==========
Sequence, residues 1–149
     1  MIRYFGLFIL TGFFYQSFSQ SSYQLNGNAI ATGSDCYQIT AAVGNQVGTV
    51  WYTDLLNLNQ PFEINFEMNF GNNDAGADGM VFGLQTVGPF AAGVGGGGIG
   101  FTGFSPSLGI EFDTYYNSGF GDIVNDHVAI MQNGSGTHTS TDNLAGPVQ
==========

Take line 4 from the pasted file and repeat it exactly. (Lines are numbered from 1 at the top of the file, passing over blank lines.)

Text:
   101  FTGFSPSLGI EFDTYYNSGF GDIVNDHVAI MQNGSGTHTS TDNLAGPVQ